I have made a commitment to reduce my plastic usage this year. What are some options for cooking meats outside of one use plastic bags? Does using a different material like silicone change cooking, flavor, or timing? I buy meat from a butcher wrapped in paper to avoid the extra plastic and styrofoam wrapping, and it seems counterintuitive to then come home and use plastic to cook. I’m excited about my Sous Vide and I’m looking forward to the flexibility as well as the seemingly superior results to meat temps and textures, as well as flavors. Any positive input is appreciated.
I use the Stasher brand silicon bags that Anova released in partnership. They’re good and don’t impact the cook noticeably, but they are too small. I’ve not tried any others.
I use silicon sous vide bags i bought on Amazon. They were pricy, but worth it. They seal through the water displacement method. The silicon leaves no changes in the cooking. I like that seasonings, broth, vegetable can be added throughout the cooking process.
You could just use ziplock bags and keep reusing them. As long as you use the water displacement method you don’t need to use vacuum sealers.
The “rub” with reusing ziplock bags is that the edges are prone to failure. The freezer bags considerably less so, due to the thickness/durability of the plastic - but they will eventually fail (they weren’t designed as sous vide bags - we’re all just using them for that).
I still use the sandwich bags for fish fillets - as the cook duration is typically very short, so I can monitor to ensure there’s no breaches - but the sandwich bags are very prone to failure (had a couple items relegated to fajita’s in the early days due to that).
The silicon bags are designed for sous vide - they should have edges that are designed for hundreds of cooks.
Search for FoodSaver Ziploc bags at Amazon. There are multiple acceptable substitutes to the FS bags at significantly lower price. After a SV session we clean them out with soapy water, let them sit in VERY hot water for an hour or so, clean them again w/ soap, air dry them, and use them again. We typically get 3-5 uses from each bag. Does get aggravating but saves on plastic trash and keeps the bags healthy.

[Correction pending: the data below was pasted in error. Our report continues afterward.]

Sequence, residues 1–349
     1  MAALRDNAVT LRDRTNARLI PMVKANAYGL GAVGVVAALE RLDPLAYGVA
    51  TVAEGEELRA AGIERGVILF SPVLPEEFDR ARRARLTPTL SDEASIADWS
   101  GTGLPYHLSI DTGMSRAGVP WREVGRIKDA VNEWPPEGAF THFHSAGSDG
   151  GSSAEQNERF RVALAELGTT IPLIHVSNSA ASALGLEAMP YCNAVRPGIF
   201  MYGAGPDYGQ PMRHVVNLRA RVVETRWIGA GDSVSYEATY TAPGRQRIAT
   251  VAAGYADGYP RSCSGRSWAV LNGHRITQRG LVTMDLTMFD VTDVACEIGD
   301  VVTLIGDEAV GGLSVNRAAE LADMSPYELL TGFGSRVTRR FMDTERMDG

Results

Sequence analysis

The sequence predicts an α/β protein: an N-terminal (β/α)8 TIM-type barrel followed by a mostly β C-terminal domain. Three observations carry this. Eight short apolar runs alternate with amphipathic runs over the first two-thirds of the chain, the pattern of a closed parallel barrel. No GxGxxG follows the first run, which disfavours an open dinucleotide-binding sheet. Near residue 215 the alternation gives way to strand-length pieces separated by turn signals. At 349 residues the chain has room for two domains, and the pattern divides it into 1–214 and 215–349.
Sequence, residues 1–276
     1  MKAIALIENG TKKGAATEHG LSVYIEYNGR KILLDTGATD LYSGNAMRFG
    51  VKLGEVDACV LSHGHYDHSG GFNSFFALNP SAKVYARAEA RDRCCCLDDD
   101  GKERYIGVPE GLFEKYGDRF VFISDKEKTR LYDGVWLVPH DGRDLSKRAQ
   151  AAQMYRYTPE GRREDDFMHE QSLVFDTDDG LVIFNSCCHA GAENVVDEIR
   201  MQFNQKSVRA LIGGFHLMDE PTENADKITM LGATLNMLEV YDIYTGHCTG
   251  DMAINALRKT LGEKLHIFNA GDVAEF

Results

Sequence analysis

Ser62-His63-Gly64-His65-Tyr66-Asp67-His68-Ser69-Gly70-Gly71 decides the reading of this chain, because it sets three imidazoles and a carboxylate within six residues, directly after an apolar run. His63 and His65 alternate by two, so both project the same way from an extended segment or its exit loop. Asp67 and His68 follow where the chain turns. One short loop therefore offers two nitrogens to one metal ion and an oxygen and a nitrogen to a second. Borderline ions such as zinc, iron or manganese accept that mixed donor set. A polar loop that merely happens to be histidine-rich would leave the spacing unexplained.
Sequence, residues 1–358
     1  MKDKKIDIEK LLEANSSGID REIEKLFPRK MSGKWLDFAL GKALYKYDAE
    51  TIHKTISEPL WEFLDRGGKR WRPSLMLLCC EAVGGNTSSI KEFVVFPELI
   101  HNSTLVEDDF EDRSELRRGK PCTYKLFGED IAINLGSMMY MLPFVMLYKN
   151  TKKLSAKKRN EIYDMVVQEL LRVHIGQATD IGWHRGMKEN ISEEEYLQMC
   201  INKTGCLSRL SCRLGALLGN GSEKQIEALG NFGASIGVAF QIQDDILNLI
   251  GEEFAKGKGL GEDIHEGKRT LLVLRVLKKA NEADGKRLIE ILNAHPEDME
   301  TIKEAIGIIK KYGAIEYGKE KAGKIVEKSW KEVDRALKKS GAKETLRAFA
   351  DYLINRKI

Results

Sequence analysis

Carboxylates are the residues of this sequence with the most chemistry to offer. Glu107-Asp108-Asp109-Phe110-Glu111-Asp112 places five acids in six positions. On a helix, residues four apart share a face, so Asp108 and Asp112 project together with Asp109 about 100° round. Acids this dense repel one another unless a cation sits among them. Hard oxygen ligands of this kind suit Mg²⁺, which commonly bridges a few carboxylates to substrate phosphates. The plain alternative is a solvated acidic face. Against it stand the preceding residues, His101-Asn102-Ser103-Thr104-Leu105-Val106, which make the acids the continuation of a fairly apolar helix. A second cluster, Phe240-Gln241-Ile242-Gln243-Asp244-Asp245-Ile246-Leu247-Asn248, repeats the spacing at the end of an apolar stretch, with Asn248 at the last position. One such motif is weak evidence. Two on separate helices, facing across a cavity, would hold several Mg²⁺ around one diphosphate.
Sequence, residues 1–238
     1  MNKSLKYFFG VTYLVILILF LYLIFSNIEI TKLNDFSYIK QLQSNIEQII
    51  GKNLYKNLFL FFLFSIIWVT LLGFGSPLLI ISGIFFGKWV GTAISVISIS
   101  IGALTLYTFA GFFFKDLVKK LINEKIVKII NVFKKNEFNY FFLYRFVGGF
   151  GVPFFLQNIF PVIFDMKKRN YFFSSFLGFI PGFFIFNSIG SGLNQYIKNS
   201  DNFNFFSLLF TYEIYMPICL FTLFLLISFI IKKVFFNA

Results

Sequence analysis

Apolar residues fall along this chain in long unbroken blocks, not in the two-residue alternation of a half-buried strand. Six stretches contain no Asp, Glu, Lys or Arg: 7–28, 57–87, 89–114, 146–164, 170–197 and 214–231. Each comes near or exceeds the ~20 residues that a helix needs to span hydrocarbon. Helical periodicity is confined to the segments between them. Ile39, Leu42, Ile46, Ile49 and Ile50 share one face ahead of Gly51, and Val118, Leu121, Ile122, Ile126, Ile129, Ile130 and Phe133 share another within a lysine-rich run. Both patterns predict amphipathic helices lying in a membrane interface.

I use the Stasher bags for smaller things. Pro tip, for the quart bags you can fit them in a ziplock food saver bag to “vacuum” seal it. Just slide it in unzipped, zip the food saver bag and then vacuum with the attachment whole paying attention and shifting the bag so it doesn’t close prematurely. For the half gallon Stasher cut one foodsaver bag extra, extra long and then vacuum manual/pulse vac until the Stasher can be sealed and then release without sealing the foodsaver so you can reuse it bunches of times.
I’ve also got the SIOchef Premium Silicone Sous Vide Bags on order, I’ll try to remember to report back on that once I’ve tried them. But not sure of utility, because I’m interested in that one because I have a Mellow with a lid I’ve attached a suction cup hook to that I’m planning to use them with.
I have the SIOchef bags in two sizes and LOVE THEM - started with two and bought two more for bigger items after six months. They don’t seal, but then, they don’t have to - they’re tall enough to fold over the top of the pot, and as you lower the food into the water they’re easy to squeeze the air out of because they’re thin and flexible; they’ll also keep releasing air for that reason, if any’s trapped in the food, so food’s less likely to be a float risk. Vacuuming is a bit overhyped in sous vide (itself a misnomer) - what matters is not having enough air to insulate any part of the food from being cooked thoroughly. They include a pair of soft silicone zip ties (removable) for securing the bags to the handle of the pot or whatever you prefer.
I’ve been using mine for a year and change, and they’ve been durable and easy to clean, just invert over your hand and sponge off with some soap - they’ve been pasteurized by the cooking process. If you have to dry several, pop them inside-out over something tall (e.g. wine bottle). I’ve heard concerns about lingering odor or flavor - if I cook something REALLY INTENSE (uh, curry) and plan to do something delicate in the bag next (egg pasteurization) I sometimes pour a little vinegar in that bag and cook it alongside next time I cook another one with food in it, as a deodorizer, but I doubt that’s especially necessary.
At first I thought they were so soft they’d be flimsy, but I haven’t managed to damage any of them yet and I’m a bit of a lazy klutz in the kitchen (and have long fingernails).
Good on you for cutting your plastic use!